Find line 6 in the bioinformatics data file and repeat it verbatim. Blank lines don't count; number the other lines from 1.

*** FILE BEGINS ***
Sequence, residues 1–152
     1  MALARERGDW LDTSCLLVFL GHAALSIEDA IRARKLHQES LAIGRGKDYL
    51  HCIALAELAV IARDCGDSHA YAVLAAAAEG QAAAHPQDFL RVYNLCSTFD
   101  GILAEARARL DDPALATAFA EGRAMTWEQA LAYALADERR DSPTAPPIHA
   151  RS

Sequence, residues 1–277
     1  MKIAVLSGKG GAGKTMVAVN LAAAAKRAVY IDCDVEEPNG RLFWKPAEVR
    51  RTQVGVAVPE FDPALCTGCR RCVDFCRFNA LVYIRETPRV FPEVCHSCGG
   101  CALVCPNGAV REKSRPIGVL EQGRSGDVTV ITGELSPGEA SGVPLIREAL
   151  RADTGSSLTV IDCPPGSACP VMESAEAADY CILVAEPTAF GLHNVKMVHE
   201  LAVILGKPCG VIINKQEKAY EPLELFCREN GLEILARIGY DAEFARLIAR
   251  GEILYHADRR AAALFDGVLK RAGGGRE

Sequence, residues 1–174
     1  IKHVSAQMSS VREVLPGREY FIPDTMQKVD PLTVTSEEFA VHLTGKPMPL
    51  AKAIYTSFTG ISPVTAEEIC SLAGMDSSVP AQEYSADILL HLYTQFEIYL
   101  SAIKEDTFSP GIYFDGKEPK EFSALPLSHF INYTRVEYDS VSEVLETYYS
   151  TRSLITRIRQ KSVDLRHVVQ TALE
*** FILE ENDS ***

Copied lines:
Sequence, residues 1–277